by @holocronGeorge for @horrornecronom
Zack Snyder and Netflix team up for one of 2021’s most anticipated films in a zombie action thrill ride perfect for the summer movie season. Marking Snyder’s first non-DC film in a decade, Army of the Dead sees a group of mercenaries venture into the middle of a zombie outbreak in Las Vegas to pull off a daring heist with deadly consequences.
Army of the Dead excels from the get-go in that its premise is brilliant. Since George A. Romero’s iconic Night of the Living Dead released over 50 years ago, the zombie genre of horror films has seen a number of unique variations from 28 Days Later to The Walking Dead to Shaun of the Dead and more. It’s a testament to Snyder’s story, therefore, that Army of the Dead still feels like an original and fresh take on this long-standing genre.
And the credit for this achievement ultimately goes to Snyder himself. This is his project top to bottom. Not only does he direct the film, but he came up with the story, co-wrote the screenplay, produced, and even served as his own cinematographer. In a year that’s also featured the long awaited Snyder Cut of Justice League, it’s great to see a director of Snyder’s caliber enjoying total freedom to craft whatever film he likes. In this sense, Army of the Dead will do little to convert viewers who haven’t resonated with Snyder’s previous films. Nonetheless, Snyder’s fingerprints all over this film are really what makes it worth seeing. The film is gorgeously shot – the usage of slow motion and out-of-focus frames add a cinematic quality that demands viewing on the biggest screen possible. The action sequences, as is true of all of Snyder’s films, are thrilling from start to finish. The editing is crisp and there’s plenty of blood and gore to satisfy fans of the zombie genre.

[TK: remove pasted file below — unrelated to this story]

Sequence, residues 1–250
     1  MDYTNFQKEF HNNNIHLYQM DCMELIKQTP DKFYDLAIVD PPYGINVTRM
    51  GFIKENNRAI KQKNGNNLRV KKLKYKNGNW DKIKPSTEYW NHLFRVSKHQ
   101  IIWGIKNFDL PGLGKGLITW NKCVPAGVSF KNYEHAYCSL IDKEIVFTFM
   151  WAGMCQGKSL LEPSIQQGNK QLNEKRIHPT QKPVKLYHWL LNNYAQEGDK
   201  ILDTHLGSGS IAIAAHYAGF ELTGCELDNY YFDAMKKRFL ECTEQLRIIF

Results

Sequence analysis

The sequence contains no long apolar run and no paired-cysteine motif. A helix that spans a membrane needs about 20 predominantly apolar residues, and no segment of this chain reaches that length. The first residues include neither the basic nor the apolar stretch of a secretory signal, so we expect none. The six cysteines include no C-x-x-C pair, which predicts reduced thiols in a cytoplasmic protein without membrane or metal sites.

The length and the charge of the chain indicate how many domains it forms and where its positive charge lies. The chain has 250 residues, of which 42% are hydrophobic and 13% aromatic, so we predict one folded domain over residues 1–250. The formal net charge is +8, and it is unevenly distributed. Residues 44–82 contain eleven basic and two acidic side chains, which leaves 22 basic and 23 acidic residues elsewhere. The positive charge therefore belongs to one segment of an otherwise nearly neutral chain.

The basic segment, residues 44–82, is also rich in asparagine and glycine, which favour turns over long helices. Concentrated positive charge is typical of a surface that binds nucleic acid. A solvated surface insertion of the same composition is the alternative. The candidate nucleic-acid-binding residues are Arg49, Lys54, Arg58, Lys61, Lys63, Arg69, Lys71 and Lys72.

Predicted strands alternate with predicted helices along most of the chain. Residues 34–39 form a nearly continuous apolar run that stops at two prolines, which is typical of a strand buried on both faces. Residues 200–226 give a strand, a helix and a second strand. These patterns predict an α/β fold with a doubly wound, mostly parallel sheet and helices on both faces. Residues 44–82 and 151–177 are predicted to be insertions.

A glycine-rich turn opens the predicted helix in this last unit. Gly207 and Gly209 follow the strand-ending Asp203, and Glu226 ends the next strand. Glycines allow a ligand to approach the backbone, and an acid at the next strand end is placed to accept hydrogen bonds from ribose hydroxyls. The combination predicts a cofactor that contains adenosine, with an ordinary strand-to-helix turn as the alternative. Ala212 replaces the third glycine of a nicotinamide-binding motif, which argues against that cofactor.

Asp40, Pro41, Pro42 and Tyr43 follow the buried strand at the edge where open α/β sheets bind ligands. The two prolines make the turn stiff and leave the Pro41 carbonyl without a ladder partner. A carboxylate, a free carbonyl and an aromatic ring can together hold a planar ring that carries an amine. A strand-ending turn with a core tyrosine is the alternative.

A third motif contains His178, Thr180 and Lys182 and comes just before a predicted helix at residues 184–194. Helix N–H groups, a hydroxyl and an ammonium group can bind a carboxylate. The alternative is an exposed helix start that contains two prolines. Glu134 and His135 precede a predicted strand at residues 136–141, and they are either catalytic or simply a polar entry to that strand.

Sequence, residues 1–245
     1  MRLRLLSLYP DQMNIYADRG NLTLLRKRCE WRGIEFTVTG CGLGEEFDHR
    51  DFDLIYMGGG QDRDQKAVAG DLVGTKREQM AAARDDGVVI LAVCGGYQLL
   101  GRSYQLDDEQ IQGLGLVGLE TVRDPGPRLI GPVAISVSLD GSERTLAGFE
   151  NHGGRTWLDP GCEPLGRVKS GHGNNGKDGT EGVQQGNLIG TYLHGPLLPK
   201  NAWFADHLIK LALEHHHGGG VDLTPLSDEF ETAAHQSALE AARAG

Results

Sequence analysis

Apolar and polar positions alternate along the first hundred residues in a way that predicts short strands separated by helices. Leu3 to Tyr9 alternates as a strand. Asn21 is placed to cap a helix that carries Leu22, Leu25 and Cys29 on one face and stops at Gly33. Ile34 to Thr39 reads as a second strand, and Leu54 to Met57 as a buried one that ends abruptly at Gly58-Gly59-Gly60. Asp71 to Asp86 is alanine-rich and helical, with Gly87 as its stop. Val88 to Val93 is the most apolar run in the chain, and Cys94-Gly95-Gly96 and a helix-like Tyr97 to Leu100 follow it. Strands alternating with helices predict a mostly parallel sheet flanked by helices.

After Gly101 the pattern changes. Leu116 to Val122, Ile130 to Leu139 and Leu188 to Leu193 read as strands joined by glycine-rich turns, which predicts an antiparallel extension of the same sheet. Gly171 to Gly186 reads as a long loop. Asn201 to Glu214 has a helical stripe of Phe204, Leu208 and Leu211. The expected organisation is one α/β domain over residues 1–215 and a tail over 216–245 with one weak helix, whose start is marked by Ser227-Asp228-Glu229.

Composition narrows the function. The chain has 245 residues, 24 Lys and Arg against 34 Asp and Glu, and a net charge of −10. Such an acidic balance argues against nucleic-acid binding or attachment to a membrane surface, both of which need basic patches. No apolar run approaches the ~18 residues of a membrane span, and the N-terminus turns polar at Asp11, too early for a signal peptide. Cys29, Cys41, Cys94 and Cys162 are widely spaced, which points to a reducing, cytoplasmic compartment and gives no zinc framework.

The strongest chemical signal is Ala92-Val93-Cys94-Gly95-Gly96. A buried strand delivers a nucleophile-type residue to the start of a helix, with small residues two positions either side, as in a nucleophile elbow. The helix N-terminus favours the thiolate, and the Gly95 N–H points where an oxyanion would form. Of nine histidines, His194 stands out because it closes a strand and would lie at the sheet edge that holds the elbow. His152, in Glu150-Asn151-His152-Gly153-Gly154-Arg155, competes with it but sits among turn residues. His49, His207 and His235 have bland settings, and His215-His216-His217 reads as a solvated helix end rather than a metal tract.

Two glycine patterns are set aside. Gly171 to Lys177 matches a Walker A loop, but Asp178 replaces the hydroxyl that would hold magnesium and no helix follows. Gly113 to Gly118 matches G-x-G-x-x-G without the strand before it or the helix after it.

On the down side, however, the film runs far too long. At 148 minutes, Army of the Dead suffers from a bloated runtime that probably could’ve done with at least 20 minutes of edits. The excessive runtime is particularly felt in the latter third of the film, something that may simply be attributable to the fact that this is a zombie film and it’s unusual to see such films last so long. It’s not that Army of the Dead will bore viewers. It just would’ve benefited from a little tightening up and removal of some of the more unnecessary scenes. Without delving into spoiler territory, Army of the Dead’s ending fell somewhat flat for me. This is in part due to character decisions throughout the film and the lengthy runtime.
Army of the Dead is driven by a diverse, ensemble cast that all add an interesting layer to the film. Dave Bautista assumes the leading role as the founder of a mercenary group called Las Vengeance. Bautista’s character’s relationship with his daughter (played by Ella Purnell) is the emotional anchor of the film, an arc that, for the most part, pays off well. The remaining characters vary from witty and investing to annoying and humorless. Of particular note is Tig Notaro, who replaced Chris D’Elia following accusations of sexual misconduct. Snyder seamlessly weaves Notaro into the film, so much so that an unassuming viewer would have no idea the behind-the-scenes trickery required to insert the actor in this role.
Zack Snyder triumphs with his return to the zombie genre. Despite its bloated runtime and somewhat flat ending, Army of the Dead is a worthy and unique installment in the zombie genre of horror films. Brilliantly crafted action sequences, gorgeous cinematography, and interesting character dynamics are abound in a film that perfectly kicks off the summer movie season.
Images courtesy of Netflix